Citation
WHITMAN RICHARDS, "OneStage Model for Color Conversion," J. Opt. Soc. Am. 62, 697698 (1972)
http://www.opticsinfobase.org/josa/abstract.cfm?URI=josa625697
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W. Richards and E. A. Parks, J. Opt. Soc. Am. 61, 971 (1971).

H. Helson, J. Exptl. Psychol. 23, 439 (1938).

E. H. Land, Proc. Natl. Acad. Sci. (U.S.) 45, 115 (1959); 45, 636 (1959).

A more sophisticated model would calculate the effective illuminant for each sample independently, using a weighting function that decreases as the distance from the sample decreases. A simpler and undoubtedly a sufficiently accurate approximation, however, would be to consider only the immediate neighbors of the sample, plus the sample itself.

J. von Kries, Arch. Anat. Phyysiol. (Leipzig, Physiol. Abt.) 2, 503 (1878).

Note that MacAdam's nonlinear hypothesis for chromatic adaptation also requires different nonlinearities for each channel [D. L. MacAdam, Vision Res. 1, 9 (1961)]. MacAdam's model differs from the present one by imposing the nonlinearity upon the tristimulus values, rather than upon the von Kries coefficients directly. If the threshold constant a is omitted from MacAdam's model, and if the nonlinearity is assumed to be the same for both adaptations, then both models become formally equivalent, except in the method used to calculate the exponents P_{i}.

T. N. Wiesel and D. H. Hubel, J. Neurophysiol. 29, 1115 (1966). (See particularly Figs. 2, 6, 10, and 15.)
Helson, H.

H. Helson, J. Exptl. Psychol. 23, 439 (1938).
Hubel, D. H.

T. N. Wiesel and D. H. Hubel, J. Neurophysiol. 29, 1115 (1966). (See particularly Figs. 2, 6, 10, and 15.)
Land, E. H.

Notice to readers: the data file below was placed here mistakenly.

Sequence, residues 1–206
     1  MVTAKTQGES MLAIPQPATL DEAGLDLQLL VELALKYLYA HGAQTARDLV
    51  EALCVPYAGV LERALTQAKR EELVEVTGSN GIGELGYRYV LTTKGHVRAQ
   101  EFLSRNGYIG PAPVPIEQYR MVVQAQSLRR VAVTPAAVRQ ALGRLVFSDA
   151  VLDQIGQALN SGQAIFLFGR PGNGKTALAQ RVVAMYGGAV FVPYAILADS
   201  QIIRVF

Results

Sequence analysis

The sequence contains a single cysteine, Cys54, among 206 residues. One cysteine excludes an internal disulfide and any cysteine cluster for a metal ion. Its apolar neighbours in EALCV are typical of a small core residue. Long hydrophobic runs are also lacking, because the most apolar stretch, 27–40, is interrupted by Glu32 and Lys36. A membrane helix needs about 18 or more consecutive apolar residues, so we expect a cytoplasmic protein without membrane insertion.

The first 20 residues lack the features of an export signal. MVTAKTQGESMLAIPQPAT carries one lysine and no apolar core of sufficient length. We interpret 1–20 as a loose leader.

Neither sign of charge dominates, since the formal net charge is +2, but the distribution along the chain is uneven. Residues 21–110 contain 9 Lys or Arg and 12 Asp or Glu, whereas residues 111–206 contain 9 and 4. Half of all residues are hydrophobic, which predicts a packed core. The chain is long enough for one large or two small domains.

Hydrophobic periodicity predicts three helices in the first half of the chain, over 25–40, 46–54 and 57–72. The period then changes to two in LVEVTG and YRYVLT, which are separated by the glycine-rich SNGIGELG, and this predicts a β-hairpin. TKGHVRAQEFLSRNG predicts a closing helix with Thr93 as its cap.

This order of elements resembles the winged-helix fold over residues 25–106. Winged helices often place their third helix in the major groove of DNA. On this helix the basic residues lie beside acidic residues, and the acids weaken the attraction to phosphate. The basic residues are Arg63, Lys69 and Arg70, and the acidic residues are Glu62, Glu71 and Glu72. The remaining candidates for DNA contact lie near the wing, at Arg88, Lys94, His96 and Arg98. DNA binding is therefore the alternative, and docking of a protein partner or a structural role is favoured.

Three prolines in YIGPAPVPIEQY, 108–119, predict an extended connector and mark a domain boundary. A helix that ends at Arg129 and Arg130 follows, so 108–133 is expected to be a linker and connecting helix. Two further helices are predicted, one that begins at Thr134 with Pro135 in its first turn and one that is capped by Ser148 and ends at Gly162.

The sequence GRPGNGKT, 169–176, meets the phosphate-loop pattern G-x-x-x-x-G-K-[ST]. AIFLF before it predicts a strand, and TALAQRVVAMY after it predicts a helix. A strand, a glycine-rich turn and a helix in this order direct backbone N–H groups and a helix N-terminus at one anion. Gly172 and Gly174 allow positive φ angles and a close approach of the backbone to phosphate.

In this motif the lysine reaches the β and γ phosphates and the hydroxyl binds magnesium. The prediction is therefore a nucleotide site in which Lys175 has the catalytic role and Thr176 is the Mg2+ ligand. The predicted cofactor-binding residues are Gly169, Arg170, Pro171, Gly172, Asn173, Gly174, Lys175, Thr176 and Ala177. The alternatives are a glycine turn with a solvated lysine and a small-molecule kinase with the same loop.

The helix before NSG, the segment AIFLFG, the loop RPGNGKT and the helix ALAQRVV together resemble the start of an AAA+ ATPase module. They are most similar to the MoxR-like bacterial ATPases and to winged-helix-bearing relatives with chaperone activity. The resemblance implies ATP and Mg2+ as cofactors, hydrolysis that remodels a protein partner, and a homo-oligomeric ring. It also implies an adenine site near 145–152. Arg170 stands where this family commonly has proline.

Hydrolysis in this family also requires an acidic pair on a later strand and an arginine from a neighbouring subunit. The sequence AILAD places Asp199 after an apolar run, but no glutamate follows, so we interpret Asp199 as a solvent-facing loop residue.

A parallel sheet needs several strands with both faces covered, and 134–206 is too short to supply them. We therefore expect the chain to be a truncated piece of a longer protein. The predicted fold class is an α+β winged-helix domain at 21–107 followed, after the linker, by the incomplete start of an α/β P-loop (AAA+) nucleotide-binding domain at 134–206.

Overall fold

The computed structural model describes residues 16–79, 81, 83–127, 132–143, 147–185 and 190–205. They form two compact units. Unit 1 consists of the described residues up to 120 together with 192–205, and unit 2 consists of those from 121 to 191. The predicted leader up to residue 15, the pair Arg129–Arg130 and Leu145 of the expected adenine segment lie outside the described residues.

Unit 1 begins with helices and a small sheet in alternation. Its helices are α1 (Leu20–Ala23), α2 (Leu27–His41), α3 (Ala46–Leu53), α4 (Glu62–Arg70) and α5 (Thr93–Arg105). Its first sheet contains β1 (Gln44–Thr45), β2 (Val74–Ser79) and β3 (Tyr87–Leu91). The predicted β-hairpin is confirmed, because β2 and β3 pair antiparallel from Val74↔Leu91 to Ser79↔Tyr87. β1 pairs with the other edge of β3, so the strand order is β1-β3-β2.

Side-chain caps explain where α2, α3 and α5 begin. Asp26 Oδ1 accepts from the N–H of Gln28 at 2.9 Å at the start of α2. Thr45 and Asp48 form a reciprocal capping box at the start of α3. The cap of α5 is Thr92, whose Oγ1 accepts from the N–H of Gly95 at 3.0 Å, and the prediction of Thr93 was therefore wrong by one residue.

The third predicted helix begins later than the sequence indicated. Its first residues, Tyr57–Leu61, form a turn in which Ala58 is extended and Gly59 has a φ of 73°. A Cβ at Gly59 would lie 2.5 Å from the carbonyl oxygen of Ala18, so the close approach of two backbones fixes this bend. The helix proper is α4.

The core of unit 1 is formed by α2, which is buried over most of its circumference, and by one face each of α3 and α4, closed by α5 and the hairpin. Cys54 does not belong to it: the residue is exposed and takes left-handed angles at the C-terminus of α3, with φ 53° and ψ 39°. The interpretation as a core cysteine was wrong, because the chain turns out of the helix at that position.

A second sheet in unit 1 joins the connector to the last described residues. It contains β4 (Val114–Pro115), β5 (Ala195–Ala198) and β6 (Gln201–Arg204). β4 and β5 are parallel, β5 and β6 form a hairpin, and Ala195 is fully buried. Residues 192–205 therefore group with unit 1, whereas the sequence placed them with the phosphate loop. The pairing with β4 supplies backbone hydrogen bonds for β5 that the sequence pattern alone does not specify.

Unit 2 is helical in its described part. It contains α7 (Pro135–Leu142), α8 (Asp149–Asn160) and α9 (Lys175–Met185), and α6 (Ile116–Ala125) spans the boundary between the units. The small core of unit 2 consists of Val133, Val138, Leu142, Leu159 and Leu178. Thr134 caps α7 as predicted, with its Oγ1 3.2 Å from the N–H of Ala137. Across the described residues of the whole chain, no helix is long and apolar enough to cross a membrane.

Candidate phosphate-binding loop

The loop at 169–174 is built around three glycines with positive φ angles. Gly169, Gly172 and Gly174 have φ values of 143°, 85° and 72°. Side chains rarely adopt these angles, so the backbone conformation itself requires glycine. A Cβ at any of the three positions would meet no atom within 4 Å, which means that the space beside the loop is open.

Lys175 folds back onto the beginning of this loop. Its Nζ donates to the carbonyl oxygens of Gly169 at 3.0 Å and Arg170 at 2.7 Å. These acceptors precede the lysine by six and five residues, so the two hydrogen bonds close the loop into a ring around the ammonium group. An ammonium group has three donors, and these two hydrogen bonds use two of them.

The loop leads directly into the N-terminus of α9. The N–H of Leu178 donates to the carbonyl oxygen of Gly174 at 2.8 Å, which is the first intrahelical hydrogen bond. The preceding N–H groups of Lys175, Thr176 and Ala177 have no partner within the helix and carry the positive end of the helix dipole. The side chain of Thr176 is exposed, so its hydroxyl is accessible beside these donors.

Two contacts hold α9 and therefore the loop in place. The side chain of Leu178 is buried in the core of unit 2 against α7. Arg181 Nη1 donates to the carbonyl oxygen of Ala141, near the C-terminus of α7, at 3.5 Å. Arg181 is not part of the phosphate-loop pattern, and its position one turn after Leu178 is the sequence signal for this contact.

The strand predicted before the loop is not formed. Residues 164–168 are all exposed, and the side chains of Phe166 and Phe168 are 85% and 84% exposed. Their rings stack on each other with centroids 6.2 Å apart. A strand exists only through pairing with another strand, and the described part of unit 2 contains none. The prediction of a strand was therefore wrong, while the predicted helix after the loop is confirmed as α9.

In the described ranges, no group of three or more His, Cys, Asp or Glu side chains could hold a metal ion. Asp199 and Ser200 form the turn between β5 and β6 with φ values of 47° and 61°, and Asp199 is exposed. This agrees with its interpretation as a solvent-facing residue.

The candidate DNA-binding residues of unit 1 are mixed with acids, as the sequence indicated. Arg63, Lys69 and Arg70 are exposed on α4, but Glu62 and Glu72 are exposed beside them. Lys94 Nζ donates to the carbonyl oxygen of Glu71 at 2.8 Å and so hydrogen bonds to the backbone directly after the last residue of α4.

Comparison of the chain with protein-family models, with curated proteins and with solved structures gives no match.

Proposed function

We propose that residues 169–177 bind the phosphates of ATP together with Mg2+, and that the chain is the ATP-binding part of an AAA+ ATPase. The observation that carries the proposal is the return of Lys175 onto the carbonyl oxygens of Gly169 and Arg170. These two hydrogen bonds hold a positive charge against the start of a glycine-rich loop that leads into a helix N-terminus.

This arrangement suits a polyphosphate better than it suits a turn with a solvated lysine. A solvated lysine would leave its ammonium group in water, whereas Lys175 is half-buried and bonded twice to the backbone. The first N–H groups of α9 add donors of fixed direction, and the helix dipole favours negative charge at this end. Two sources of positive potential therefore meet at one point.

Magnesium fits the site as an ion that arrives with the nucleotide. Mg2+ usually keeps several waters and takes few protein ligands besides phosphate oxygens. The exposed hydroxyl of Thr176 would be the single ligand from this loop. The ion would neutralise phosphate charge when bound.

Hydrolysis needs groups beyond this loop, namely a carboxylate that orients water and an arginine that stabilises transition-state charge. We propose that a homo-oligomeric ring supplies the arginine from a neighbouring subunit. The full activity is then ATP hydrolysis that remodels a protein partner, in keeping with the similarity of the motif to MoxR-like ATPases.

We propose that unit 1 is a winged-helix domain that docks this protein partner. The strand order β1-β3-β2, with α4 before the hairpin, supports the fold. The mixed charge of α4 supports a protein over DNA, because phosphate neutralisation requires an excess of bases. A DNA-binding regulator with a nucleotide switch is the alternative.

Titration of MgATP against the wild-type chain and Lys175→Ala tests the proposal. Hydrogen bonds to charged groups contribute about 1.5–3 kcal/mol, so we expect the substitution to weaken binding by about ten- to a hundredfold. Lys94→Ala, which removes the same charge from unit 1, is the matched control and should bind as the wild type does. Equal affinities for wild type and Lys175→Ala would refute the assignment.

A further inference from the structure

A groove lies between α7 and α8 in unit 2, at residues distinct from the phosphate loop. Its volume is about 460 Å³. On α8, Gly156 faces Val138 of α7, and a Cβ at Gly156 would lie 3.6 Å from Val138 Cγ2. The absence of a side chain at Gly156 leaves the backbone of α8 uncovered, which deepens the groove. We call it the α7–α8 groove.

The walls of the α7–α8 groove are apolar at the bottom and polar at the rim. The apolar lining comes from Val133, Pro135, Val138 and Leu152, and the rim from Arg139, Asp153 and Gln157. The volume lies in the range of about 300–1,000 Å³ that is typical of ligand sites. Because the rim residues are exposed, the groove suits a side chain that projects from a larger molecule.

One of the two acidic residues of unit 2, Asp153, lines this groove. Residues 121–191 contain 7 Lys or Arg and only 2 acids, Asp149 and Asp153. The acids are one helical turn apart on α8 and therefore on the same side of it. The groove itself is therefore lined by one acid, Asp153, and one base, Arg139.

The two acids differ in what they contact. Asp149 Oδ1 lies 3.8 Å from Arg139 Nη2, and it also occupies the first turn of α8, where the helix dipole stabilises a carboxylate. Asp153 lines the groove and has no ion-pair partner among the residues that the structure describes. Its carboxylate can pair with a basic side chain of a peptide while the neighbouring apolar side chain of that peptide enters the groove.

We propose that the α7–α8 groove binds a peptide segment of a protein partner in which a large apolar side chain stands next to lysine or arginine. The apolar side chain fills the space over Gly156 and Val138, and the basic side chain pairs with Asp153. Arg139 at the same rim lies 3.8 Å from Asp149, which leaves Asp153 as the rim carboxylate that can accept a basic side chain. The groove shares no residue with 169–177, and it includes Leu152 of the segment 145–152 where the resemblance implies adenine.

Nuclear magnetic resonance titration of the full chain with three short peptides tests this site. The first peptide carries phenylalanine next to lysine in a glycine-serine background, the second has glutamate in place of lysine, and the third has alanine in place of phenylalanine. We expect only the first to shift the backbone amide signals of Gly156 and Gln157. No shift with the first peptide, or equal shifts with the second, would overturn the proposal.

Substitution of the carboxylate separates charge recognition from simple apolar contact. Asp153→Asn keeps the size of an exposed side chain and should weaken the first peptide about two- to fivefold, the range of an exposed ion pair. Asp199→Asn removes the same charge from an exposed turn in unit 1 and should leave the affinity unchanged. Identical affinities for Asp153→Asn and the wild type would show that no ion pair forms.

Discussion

E. H. Land, Proc. Natl. Acad. Sci. (U.S.) 45, 115 (1959); 45, 636 (1959).
MacAdam, D. L.

Note that MacAdam's nonlinear hypothesis for chromatic adaptation also requires different nonlinearities for each channel [D. L. MacAdam, Vision Res. 1, 9 (1961)]. MacAdam's model differs from the present one by imposing the nonlinearity upon the tristimulus values, rather than upon the von Kries coefficients directly. If the threshold constant a is omitted from MacAdam's model, and if the nonlinearity is assumed to be the same for both adaptations, then both models become formally equivalent, except in the method used to calculate the exponents P_{i}.
Parks, E. A.

W. Richards and E. A. Parks, J. Opt. Soc. Am. 61, 971 (1971).
Richards, W.

W. Richards and E. A. Parks, J. Opt. Soc. Am. 61, 971 (1971).
von Kries, J.

J. von Kries, Arch. Anat. Phyysiol. (Leipzig, Physiol. Abt.) 2, 503 (1878).
Wiesel, T. N.

T. N. Wiesel and D. H. Hubel, J. Neurophysiol. 29, 1115 (1966). (See particularly Figs. 2, 6, 10, and 15.)
Other

W. Richards and E. A. Parks, J. Opt. Soc. Am. 61, 971 (1971).

H. Helson, J. Exptl. Psychol. 23, 439 (1938).

E. H. Land, Proc. Natl. Acad. Sci. (U.S.) 45, 115 (1959); 45, 636 (1959).

A more sophisticated model would calculate the effective illuminant for each sample independently, using a weighting function that decreases as the distance from the sample decreases. A simpler and undoubtedly a sufficiently accurate approximation, however, would be to consider only the immediate neighbors of the sample, plus the sample itself.

J. von Kries, Arch. Anat. Phyysiol. (Leipzig, Physiol. Abt.) 2, 503 (1878).

Note that MacAdam's nonlinear hypothesis for chromatic adaptation also requires different nonlinearities for each channel [D. L. MacAdam, Vision Res. 1, 9 (1961)]. MacAdam's model differs from the present one by imposing the nonlinearity upon the tristimulus values, rather than upon the von Kries coefficients directly. If the threshold constant a is omitted from MacAdam's model, and if the nonlinearity is assumed to be the same for both adaptations, then both models become formally equivalent, except in the method used to calculate the exponents P_{i}.

T. N. Wiesel and D. H. Hubel, J. Neurophysiol. 29, 1115 (1966). (See particularly Figs. 2, 6, 10, and 15.)
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